Refund warning: Consumers stuck with ‘UnRefundables’ as money retailers struggle | Personal Finance | Finance

Consumers have had to adapt to unprecedented circumstances in recent months as coronavirus changed how everyone lived and work. Unfortunately, evidence has emerged that certain elements of regular retail shopping are facing unforeseen problems, the kinds of which end up costing the customer.

Older people (aged 55 or over) are experiencing the biggest wait for refunds, with five percent waiting over a month before the pandemic, compared to 17 percent who have experienced this wait time since.

The research revealed that overall, the fear of not being able to get items refunded has put fear into consumers who may limit their spending, which will have obvious negative repercussions on the economy.

Jeni Mundy, Visa’s UK & Ireland Managing Director, commented on the company’s findings: “With consumer spending crucial to Britain’s economic recovery, it’s concerning to see that people are worried about securing refunds should they need to, and that in some cases this is even preventing them from making purchases.

“It’s important that people understand the many options open to them to get their money back should something go wrong.

“A good place to start is to get familiar with a seller’s cancellation, refund and exchange policy before you buy – this can often be easily found on their website.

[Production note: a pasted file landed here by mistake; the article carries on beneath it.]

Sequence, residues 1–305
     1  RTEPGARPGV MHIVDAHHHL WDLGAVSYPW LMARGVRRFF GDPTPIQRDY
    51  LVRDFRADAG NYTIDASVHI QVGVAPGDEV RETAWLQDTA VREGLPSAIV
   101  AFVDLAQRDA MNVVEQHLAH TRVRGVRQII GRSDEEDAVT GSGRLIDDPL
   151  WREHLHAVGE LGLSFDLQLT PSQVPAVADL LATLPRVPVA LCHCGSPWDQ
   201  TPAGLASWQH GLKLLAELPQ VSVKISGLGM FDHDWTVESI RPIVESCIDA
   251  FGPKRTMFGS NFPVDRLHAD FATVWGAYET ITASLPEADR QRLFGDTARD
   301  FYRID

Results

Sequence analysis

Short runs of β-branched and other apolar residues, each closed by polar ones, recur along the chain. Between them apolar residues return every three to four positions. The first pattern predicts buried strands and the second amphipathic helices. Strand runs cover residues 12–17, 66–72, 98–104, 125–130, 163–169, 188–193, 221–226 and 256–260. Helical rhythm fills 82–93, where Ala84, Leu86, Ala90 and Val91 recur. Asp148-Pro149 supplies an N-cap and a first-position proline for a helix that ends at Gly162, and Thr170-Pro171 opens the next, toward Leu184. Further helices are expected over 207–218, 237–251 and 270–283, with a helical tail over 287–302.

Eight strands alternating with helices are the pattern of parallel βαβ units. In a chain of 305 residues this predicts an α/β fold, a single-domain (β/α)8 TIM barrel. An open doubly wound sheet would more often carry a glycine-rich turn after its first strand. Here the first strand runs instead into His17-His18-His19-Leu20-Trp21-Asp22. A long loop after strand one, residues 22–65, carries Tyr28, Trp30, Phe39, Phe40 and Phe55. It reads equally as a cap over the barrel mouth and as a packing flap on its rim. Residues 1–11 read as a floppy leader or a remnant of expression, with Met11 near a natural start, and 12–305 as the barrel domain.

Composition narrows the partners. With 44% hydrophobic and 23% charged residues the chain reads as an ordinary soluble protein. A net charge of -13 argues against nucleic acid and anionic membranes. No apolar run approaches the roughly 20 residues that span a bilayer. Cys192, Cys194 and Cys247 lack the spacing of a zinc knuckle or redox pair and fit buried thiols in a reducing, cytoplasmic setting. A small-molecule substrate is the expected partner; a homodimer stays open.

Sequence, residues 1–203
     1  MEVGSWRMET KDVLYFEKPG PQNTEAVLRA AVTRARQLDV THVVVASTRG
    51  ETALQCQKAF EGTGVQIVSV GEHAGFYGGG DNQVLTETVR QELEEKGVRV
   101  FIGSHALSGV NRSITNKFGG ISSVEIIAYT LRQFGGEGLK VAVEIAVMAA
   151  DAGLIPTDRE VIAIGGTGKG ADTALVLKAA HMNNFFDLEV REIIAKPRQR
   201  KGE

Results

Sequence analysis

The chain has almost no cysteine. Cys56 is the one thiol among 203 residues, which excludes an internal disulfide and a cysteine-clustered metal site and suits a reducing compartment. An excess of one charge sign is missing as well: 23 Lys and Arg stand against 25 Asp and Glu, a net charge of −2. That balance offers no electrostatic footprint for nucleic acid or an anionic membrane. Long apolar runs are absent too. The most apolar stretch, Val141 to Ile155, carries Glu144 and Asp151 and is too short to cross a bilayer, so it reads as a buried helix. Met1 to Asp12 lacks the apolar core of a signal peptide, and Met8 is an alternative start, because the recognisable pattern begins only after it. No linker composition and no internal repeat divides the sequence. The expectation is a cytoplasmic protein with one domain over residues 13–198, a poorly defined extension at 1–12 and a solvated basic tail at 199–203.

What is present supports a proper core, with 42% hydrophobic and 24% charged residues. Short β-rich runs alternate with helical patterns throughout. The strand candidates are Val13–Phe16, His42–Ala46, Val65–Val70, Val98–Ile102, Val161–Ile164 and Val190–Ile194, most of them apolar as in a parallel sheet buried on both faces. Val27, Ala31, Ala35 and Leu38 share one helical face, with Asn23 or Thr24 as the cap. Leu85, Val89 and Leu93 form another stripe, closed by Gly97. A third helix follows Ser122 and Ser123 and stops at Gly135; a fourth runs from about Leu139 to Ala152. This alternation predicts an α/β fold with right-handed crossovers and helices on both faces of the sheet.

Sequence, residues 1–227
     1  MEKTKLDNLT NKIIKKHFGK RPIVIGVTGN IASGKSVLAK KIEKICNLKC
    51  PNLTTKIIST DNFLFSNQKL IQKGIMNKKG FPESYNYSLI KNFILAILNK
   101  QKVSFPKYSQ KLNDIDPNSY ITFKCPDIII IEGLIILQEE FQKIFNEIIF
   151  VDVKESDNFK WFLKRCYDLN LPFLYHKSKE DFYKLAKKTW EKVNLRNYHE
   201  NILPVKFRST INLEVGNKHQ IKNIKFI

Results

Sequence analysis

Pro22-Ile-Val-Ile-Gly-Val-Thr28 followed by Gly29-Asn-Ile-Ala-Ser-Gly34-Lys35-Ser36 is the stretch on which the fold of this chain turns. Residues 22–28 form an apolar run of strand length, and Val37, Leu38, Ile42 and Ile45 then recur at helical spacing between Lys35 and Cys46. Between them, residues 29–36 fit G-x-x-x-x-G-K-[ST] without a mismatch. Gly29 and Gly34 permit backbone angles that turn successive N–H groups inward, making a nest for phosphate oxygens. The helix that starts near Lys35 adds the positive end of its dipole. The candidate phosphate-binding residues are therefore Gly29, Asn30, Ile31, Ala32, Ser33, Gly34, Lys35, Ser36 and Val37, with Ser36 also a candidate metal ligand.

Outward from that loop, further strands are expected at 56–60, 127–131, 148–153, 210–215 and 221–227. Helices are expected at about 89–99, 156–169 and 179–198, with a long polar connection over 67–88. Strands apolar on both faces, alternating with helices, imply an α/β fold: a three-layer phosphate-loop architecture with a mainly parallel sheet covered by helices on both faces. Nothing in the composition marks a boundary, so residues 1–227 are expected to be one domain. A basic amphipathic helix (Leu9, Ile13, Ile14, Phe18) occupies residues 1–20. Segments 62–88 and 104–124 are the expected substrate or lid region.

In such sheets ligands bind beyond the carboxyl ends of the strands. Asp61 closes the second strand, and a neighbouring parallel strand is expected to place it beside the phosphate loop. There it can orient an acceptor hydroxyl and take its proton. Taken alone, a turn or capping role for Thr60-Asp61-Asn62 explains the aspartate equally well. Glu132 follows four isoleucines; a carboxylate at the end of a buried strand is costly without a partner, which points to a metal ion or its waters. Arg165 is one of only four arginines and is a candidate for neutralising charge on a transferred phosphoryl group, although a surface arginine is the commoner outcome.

“If, after speaking to the retailer, you are still unable to get a refund, there are alternatives available to claw back those costs.

“You should contact your bank that issued your Visa card and ask them to pursue a chargeback claim, where they may be able to submit a claim to the retailer’s bank to request your money back.

“You can pursue a chargeback claim if you received only a partial refund, goods that weren’t as described, or have been offered alternative refund methods, including vouchers, points and rebooking.

“Your bank has 120 days from when the payment was made to make a chargeback claim, which is great news for people who might have missed the returns window. However, it’s worth noting that banks’ time frames may vary and it’s best to file a dispute as early as possible to allow plenty of time.

“For travel, concert tickets or future-dated items, this time limit begins on the day of the event or holiday booking – providing extra reassurance to those worried about making holiday purchases.”

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